thoughts or ideas? Are they extremely moody or irritable
beyond the normal hormonal twists and turns of childhood?
Has there been a drastic change in your child’s eating or
sleeping patterns? If you answered yes to any of these
questions, your child may be suffering from a common but
devastating mental health disorder, called depression.

The Problem:

Depression occurs in 8 percent of all adolescent lives.
Research indicates that children, in general, are becoming
depressed earlier in live. The implications of this is that the
earlier the onset of the illness the longer and more chronic
the problem. Studies suggest that depression often
persists, recurs, and continues into adulthood, and
indicates that depression in youth may also predict more
severe illness in adult life. Depression in young people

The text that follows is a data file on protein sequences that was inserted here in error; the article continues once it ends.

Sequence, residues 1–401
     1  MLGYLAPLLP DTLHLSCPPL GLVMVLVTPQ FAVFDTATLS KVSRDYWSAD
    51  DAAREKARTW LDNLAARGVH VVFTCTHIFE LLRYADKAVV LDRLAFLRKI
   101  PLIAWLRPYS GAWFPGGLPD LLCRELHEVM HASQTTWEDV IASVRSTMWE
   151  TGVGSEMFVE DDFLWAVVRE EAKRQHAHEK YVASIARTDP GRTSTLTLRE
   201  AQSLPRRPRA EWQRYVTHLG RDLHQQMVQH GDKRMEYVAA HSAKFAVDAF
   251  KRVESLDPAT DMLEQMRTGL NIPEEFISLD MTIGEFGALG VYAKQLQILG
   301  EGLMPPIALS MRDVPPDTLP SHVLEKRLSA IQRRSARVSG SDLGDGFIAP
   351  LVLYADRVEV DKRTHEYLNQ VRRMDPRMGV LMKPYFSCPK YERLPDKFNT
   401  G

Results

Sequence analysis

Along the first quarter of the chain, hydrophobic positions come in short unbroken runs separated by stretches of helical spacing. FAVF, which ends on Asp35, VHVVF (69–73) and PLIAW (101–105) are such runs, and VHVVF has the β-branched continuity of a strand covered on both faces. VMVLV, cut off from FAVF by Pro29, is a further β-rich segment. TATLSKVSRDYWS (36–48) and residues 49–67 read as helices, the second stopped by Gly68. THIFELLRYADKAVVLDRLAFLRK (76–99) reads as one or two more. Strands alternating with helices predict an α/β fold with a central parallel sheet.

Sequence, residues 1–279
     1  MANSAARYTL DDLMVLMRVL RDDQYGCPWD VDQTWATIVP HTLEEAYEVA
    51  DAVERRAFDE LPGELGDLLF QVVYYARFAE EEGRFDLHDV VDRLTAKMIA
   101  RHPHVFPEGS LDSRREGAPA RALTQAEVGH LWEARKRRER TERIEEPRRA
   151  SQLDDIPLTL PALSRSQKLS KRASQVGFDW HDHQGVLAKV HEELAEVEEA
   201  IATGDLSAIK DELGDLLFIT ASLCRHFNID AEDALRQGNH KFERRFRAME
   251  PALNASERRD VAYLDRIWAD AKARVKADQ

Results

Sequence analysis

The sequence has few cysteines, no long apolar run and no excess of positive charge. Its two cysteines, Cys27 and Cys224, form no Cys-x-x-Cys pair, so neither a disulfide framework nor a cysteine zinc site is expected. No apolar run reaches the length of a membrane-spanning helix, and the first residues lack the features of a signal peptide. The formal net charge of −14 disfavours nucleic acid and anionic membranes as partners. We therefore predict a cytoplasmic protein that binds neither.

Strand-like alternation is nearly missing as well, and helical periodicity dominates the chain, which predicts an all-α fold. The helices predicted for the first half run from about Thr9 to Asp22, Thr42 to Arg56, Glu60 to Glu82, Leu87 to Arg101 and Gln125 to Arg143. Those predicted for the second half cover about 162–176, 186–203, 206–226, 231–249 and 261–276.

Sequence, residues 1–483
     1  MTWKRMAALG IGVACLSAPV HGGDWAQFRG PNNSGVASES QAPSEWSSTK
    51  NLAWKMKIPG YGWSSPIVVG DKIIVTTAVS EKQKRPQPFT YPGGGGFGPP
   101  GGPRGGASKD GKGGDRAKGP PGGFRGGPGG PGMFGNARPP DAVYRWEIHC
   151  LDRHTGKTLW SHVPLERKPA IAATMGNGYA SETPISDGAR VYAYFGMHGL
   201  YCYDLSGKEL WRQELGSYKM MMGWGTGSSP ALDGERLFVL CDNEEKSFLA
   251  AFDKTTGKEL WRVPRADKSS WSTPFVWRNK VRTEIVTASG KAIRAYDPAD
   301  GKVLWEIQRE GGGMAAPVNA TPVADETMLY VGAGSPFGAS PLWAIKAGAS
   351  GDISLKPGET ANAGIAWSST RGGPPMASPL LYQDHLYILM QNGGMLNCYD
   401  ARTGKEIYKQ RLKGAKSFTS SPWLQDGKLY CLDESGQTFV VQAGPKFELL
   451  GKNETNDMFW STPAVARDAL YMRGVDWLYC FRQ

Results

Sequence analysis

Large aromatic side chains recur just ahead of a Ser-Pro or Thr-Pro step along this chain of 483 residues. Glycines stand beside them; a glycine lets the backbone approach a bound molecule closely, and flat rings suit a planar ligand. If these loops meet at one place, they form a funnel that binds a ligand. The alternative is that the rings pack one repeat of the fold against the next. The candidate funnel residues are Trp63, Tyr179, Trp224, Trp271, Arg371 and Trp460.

often co-occurs with other mental disorders, most
commonly anxiety, disruptive behavior, or substance abuse
disorders, and with physical illnesses, such as diabetes.

The Risks:

Teenagers often turn to substances to “self-medicate” the
feelings of depression. They reject prescribed medications
because of the way it makes them feel and because of the
negative social implications of being labeled as depressed.
Drinking alcohol and using other substances may make
teenagers feel better for a short period of time but the need
to continually use these substances to feel “high” creates
dependence and poses a serious health risk. Depression
in adolescence is also associated with an increased risk
of suicidal behavior. Suicide is the third leading cause of
death for 10 to 24-year-olds and as much as 7 percent of
all depressed teens will make a suicide attempt.

The Signs: